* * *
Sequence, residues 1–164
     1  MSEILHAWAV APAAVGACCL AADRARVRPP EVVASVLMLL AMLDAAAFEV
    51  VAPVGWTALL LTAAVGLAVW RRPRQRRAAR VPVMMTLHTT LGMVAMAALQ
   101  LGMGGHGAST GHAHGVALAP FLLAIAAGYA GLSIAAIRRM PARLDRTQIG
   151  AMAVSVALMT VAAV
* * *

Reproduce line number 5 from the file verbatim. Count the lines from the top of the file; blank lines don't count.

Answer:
   151  AMAVSVALMT VAAV